A former advocate of affordable housing and decriminalizing drugs, Shellenberger watched as “homeless encampments spread and overdose deaths skyrocketed.” Digging into the data, he was shocked to conclude that the problems worsened not in spite of but because of progressive policies.
Central to the downward spiral, he concludes, is tolerance of destructive behaviors. For example, he now questions the “Housing First” approach as lacking accountability.
One homeless man addicted to fentanyl explains “on one side of the street are people giving you food and clean needles. On the other side of the street are all the drug dealers … It’s like getting all the candy and treats that you think you want. You think you’re having fun. But little by little it’s taking away your humanity and turning you into something you were never meant to be.”
Observing the explosion of drug crimes and overdoses, Shellenberger concludes that “people are not dying from drug overdose deaths in San Francisco because they’re being arrested. They’re dying because they aren’t being arrested.” A contentious statement but one Shellenberger backs up with statistics in a chapter entitled “The War on the War on Drugs.”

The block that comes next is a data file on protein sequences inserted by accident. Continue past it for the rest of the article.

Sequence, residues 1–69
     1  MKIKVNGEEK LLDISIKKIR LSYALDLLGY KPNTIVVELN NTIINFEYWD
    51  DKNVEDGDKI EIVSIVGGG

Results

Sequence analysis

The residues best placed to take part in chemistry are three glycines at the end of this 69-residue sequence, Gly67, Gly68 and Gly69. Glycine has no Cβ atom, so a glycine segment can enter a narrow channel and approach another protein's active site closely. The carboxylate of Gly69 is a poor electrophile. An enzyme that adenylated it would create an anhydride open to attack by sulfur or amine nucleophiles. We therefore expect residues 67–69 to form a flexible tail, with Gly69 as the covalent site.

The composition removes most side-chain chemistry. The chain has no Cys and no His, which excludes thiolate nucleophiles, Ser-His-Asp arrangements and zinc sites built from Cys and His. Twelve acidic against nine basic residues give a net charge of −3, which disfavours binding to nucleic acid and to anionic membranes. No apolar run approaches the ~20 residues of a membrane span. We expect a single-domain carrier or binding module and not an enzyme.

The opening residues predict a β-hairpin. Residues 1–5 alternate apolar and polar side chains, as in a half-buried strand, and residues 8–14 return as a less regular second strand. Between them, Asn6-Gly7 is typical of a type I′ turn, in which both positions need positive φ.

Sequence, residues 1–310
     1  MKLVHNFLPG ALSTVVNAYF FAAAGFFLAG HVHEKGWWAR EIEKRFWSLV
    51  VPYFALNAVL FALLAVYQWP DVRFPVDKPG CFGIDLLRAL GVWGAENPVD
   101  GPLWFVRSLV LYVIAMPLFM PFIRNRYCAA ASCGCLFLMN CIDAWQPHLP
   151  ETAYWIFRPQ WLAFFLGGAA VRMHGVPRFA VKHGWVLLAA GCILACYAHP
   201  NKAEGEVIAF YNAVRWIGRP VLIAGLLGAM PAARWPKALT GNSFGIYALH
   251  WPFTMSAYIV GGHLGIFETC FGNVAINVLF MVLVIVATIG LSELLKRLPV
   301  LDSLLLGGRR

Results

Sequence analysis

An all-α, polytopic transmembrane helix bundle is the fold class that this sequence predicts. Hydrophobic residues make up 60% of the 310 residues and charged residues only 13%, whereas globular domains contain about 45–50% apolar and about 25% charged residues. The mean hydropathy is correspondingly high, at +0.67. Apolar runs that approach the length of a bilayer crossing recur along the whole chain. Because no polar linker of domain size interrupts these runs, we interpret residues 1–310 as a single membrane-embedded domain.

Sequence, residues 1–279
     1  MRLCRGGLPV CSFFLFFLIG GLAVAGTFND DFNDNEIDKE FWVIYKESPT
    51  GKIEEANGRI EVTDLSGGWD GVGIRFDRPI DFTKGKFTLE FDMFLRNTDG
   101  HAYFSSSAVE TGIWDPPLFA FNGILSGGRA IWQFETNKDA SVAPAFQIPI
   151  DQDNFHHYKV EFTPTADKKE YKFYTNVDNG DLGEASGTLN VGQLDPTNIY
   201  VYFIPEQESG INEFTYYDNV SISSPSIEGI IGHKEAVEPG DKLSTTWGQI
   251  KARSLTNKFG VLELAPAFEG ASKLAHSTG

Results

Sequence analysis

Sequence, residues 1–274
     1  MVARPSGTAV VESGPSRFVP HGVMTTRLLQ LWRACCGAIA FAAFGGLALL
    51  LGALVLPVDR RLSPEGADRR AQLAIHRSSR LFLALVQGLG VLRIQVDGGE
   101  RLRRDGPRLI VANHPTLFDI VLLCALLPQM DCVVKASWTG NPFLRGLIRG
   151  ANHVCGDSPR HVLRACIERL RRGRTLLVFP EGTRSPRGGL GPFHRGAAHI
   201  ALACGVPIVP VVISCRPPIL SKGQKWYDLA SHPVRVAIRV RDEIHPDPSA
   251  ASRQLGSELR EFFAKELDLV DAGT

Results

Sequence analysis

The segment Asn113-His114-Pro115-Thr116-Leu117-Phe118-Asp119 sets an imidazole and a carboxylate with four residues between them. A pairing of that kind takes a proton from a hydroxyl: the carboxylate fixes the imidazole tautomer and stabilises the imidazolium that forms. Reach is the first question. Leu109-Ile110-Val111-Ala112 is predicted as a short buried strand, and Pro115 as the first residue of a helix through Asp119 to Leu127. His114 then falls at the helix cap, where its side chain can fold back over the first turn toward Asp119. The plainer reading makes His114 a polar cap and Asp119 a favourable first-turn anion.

Shellenberger considers untreated mental illness and drastic insufficiency of mental health beds as a critical failing in cities’ approaches to homelessness. Again, no one is held accountable for the sad and dangerous results.
Shellenberger warns of the dangers of these failings. “Disorder and the loss of freedom go hand in hand. Political leaders who fail to maintain order are often replaced by leaders who sacrifice freedom.”
Michael Lynch’s statement recommending Shellenberger is itself worthy of study. For example, on the importance of faith in recovery from homelessness, he observes “for some organizations, faith can get in the way of their success. To others it can be a shining star. When it excels, it’s awe inspiring.”
Lynch’s message is that “privately plus publicly funded solutions working together can manage and improve the vexing issues we face today in homelessness.”
Ann Donnelly, a Vancouver businesswoman, is a former chair of the Clark County Republican Party.